View details for DOI 10.1016/j.jchromb.2013.09.008
View details for Web of Science ID 000326010400002
Effects of cathepsin K deficiency on intercellular junction proteins, luminal mucus layers, and extracellular matrix constituents in the mouse colon.
2012; 393 (12): 1391-1403
Cathepsin K has been shown to exhibit antimicrobial and anti-inflammatory activities in the mouse colon. To further elucidate its role, we used Ctsk-/- mice and demonstrated that the absence of cathepsin K was accompanied by elevated protein levels of related cysteine cathepsins (cathepsins B, L, and X) in the colon. In principle, such changes could result in altered subcellular localization; however, the trafficking of cysteine cathepsins was not affected in the colon of Ctsk-/- mice. However, cathepsin K deficiency affected the extracellular matrix constituents, as higher amounts of collagen IV and laminin were observed. Moreover, the localization pattern of the intercellular junction proteins E-cadherin and occludin was altered in the colon of Ctsk-/- mice, suggesting potential impairment of the barrier function. Thus, we used an ex vivo method for assessing the mucus layers and showed that the absence of cathepsin K had no influence on mucus organization and growth. The data of this study support the notion that cathepsin K contributes to intestinal homeostasis and tissue architecture, but the lack of cathepsin K activity is not expected to affect the mucus-depending barrier functions of the mouse colon. These results are important with regard to oral administration of cathepsin K inhibitors that are currently under investigation in clinical trials.
View details for DOI 10.1515/hsz-2012-0204
View details for PubMedID 23152408
Studies of intestinal morphology and cathepsin B expression in a transgenic mouse aiming at intestine-specific expression of Cath B-EGFP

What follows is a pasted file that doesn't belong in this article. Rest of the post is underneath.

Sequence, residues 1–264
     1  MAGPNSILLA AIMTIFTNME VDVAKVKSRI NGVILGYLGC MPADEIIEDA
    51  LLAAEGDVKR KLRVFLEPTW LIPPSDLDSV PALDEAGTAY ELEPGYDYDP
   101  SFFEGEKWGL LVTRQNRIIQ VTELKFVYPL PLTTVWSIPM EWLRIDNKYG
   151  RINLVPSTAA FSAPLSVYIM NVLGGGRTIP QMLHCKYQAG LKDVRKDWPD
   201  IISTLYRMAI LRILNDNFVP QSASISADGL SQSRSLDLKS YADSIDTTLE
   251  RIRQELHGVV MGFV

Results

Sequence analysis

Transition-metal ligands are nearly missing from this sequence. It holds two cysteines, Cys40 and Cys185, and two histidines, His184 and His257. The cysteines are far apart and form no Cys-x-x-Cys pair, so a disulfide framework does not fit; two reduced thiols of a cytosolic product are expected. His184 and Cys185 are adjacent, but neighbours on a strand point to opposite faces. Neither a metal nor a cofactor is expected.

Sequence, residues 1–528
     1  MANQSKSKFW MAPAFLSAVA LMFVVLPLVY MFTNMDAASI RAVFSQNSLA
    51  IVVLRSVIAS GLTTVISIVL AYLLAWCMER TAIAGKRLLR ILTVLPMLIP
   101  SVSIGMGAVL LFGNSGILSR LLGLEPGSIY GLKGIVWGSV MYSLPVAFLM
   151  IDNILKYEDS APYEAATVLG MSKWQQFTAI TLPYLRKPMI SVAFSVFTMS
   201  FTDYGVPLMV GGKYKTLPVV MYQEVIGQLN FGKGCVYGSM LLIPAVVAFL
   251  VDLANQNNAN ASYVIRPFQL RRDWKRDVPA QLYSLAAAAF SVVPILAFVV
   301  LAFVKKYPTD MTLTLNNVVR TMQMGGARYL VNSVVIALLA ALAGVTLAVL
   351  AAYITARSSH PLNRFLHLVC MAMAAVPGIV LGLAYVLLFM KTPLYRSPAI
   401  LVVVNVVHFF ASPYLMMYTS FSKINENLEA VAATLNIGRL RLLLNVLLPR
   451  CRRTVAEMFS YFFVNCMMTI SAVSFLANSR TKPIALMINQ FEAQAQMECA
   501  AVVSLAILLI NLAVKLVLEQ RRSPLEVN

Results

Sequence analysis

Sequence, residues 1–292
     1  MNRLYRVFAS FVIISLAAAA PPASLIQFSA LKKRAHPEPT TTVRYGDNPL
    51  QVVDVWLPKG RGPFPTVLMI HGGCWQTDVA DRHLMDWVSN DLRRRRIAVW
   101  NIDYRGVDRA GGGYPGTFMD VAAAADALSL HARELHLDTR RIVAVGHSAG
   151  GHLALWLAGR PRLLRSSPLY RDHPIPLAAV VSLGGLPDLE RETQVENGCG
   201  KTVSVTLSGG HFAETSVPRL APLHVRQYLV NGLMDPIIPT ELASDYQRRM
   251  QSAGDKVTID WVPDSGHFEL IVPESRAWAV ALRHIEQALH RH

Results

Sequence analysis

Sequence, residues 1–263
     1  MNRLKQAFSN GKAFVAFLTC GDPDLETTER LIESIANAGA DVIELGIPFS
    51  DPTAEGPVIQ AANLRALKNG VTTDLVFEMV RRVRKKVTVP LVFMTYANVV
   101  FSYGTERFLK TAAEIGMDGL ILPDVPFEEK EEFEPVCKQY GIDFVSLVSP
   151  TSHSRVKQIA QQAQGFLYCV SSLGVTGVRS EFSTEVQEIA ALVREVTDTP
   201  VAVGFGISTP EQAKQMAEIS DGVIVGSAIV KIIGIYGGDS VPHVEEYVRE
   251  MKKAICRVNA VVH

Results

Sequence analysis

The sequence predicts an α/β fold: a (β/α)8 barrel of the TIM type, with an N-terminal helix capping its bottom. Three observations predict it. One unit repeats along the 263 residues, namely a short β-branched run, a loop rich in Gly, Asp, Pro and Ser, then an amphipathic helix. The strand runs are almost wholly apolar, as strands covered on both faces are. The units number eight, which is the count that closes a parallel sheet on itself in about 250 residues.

2011; 392 (11): 983-993
Cathepsin B has been shown to not only reside within endo-lysosomes of intestinal epithelial cells, but it was also secreted into the extracellular space of intestinal mucosa in physiological and pathological conditions. In an effort to further investigate the function of this protease in the intestine, we generated a transgenic mouse model that would enable us to visualize the localization of cathepsin B in vivo. Previously we showed that the A33-antigen promoter could be successfully used in vitro in order to express cathepsin B-green fluorescent protein chimeras in cells that co-expressed the intestine-specific transcription factor Cdx1. In this study an analog approach was used to express chimeric cathepsin B specifically in the intestine of transgenic animals. No overt phenotype was observed for the transgenic mice that reproduced normally. Biochemical and morphological studies confirmed that the overall intestinal phenotype including the structure and polarity of this tissue as well as cell numbers and differentiation states were not altered in the A33-CathB-EGFP mice when compared to wild type animals. However, transgenic expression of chimeric cathepsin B could not be visualized because it was not translated in situ although the transgene was maintained over several generations.
View details for DOI 10.1515/BC.2011.096
View details for Web of Science ID 000295921900006
View details for PubMedID 21871011
- Thyroid Cathepsin K: Roles in Physiology and Thyroid Disease Clinic Rev Bone Miner Metab 2011; 9 (2): 94-106